James DiEugenio, author and prolific contributor to the Citzens for Truth About the Kennedy Assassination Web site, has published “The State of the JFK case: 50 Years Out,” which makes some timely points on which I think everyone can agree.
I disagree with DiEugenio’s harsh assessment of Philip Shenon’s JFK book, “A Cruel and Shocking Act.” He calls the book a “disgraceful,” “travesty,” and an “apologia.” I wonder how he would describe a truly bad book. Such epithets scant the very interesting discoveries in Shenon’s reporting, including:
that a Warren Commission staffer met secretly with Fidel Castro; that a State Department official who sought a real investigation of Oswald activities in Mexico City was hounded out of the Foreign Service and into suicide. and that James Angleton threatened Warren Commission staffer David Slawson after Slawson complained about CIA’s withholding of information about Oswald. These stories are significant.
Like DiEugenio, I didn’t find Shenon’s conventional explanation of the causes of JFK’s assassination terribly convincing but that doesn’t mean his reporting isn’t valuable. Shenon’s book illuminates what he calls “the hidden history of the Kennedy assassination.” Acknowledging this hidden history is something the U.S. government, the CIA, and major news organization have been loathe to do. Shenon’s book does.That’s progress.
Such language do not do much to encourage the full and open JFK debate in the news media that DiEugenio desires. In my experience, calling a fellow professional a dishonest idiot is not a useful way to start a conversation. Shenon deserves better.
Tone aside, DiEugenio makes three larger points that seem indisputable and contribute to the decisive clarification of the JFK story in 2014. (For some thoughts on how this might be achieved, watch my speech at the JFK Lancer conference in November 2013.)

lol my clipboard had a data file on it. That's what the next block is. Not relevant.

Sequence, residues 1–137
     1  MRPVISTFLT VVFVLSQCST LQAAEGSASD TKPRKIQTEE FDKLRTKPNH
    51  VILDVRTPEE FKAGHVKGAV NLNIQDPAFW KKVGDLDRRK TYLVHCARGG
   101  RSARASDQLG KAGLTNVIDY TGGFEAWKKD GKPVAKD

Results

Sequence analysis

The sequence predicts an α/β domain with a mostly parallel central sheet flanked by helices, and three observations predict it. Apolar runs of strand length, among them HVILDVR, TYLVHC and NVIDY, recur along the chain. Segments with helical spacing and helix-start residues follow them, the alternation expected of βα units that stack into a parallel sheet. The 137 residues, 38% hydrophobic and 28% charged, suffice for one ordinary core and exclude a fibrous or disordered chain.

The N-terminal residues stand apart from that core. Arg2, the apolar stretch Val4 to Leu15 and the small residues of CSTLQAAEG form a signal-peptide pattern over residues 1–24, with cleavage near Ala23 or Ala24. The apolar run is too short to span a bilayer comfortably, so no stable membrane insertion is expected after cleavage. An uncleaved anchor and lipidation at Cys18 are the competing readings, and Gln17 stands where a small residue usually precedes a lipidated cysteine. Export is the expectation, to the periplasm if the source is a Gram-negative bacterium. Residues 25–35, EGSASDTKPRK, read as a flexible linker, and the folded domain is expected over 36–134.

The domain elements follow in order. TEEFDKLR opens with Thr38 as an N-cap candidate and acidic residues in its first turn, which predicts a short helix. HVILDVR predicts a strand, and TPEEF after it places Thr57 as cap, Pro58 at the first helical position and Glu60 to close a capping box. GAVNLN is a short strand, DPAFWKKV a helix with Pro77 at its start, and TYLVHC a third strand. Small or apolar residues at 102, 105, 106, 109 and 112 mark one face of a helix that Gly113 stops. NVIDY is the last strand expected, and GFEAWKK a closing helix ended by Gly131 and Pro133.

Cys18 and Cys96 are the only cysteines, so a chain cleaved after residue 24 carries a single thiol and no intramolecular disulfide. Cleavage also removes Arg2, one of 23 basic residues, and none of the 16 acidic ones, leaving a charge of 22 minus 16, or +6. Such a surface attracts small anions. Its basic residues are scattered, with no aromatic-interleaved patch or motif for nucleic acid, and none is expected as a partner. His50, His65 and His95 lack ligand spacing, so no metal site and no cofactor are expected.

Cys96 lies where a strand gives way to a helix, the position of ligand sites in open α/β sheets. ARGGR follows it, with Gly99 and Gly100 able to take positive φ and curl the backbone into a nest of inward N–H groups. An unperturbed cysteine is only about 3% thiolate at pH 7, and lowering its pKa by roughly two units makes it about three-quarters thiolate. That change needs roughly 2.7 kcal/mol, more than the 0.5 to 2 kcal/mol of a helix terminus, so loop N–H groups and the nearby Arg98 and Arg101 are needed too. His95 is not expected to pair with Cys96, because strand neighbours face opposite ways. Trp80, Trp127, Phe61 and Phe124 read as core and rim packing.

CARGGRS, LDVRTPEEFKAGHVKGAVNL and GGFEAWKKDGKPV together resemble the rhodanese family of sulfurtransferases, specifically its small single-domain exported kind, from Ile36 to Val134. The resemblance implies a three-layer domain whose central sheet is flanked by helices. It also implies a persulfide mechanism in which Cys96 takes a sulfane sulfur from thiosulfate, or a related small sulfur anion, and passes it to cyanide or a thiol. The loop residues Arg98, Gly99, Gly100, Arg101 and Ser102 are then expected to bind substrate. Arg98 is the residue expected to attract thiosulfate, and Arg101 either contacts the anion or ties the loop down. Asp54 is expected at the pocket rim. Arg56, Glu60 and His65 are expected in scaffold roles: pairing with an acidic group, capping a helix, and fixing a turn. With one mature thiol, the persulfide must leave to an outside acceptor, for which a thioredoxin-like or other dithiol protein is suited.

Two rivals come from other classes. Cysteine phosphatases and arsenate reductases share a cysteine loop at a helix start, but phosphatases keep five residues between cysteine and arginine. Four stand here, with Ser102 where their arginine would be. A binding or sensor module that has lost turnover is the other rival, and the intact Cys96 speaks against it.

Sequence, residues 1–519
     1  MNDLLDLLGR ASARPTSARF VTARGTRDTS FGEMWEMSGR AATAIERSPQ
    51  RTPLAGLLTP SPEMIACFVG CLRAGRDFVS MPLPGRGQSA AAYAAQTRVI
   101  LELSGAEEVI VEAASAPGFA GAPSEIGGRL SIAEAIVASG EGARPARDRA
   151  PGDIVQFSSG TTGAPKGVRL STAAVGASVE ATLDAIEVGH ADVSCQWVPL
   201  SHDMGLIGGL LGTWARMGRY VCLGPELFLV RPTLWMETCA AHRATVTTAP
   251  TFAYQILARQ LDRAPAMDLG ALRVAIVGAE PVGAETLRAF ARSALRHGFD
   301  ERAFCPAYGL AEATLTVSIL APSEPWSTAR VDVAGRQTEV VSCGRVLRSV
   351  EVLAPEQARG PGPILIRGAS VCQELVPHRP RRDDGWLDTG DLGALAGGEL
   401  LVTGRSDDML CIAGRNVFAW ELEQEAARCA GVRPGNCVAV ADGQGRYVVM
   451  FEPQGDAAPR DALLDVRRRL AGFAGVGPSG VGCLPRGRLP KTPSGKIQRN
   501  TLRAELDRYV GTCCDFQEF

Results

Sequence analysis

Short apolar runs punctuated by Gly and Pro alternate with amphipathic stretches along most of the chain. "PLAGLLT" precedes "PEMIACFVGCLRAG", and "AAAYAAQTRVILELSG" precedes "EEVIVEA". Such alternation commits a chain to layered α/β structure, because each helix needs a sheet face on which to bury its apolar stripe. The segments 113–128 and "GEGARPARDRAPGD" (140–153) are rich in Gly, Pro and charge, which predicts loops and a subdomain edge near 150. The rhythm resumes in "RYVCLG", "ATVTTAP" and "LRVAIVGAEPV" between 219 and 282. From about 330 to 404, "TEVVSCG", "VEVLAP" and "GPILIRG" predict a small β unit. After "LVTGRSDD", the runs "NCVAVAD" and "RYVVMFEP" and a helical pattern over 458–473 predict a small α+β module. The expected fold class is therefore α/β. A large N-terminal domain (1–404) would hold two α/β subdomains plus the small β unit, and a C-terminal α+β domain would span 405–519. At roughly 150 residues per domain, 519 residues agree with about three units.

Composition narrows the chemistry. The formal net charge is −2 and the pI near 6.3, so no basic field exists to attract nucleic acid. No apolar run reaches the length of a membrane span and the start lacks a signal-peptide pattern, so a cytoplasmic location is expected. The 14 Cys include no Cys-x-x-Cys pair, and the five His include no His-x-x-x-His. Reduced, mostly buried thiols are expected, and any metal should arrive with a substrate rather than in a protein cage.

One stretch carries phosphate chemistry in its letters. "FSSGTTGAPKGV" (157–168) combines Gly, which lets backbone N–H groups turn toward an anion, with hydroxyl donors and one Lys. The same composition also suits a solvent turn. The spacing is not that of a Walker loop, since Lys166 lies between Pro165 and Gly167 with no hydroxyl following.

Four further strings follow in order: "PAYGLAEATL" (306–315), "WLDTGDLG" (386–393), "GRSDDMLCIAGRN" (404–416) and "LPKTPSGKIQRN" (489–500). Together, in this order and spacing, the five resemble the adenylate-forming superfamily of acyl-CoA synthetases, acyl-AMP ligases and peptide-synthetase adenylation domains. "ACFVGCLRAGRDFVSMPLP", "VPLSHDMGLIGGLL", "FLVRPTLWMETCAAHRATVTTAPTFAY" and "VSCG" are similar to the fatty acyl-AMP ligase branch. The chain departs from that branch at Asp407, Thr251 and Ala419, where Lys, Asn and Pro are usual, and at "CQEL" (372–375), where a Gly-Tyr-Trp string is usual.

1)The vast expansion of the historical record of JFK’s assassination since the late 1990s has deepened and clarified understanding of the event — and will continue to do so.
DiEugenio: “Due to the work of the Assassination Records Review Board, the database about the John F. Kennedy murder was greatly expanded. If one is talking only about sheer volume of paper, the document page count was doubled. But if one is talking about the actual knowledge base, the increase was much exponentially larger. Because as many people felt, what the government was hiding was of paramount importance. But secondly, the many authors who used these documents incorporated them with previous knowledge to create large advancements in the case. Some would call these quantum leaps.”
2) Certain senior CIA officers knew much more about Lee Harvey Oswald before JFK was killed than the U.S. government has ever acknowledged
DiEugenio: “….What we know about Oswald today, and his associations with the CIA and FBI, completely vitiates the paradigm the Warren Commission tried to sell to the public about him. Its quite clear now, as John Newman and Jefferson Morley have pointed out, that both intelligence agencies had much more information about Oswald than they ever admitted to in public.
3) U.S. news organizations are resistant to understanding of the weight of the new evidence in the record of JFK’s assassination.
DiEugenio: “There is more evidence now of what really happened than there has ever been. The problem is that the general public is not aware of it. Because the MSM refuses to countenance it. Even if it is to the detriment of themselves, this country, and democracy. The MSM and the Power Elite continue to deny it all. That death wish, of course, says much more about them than it does the Kennedy assassination.”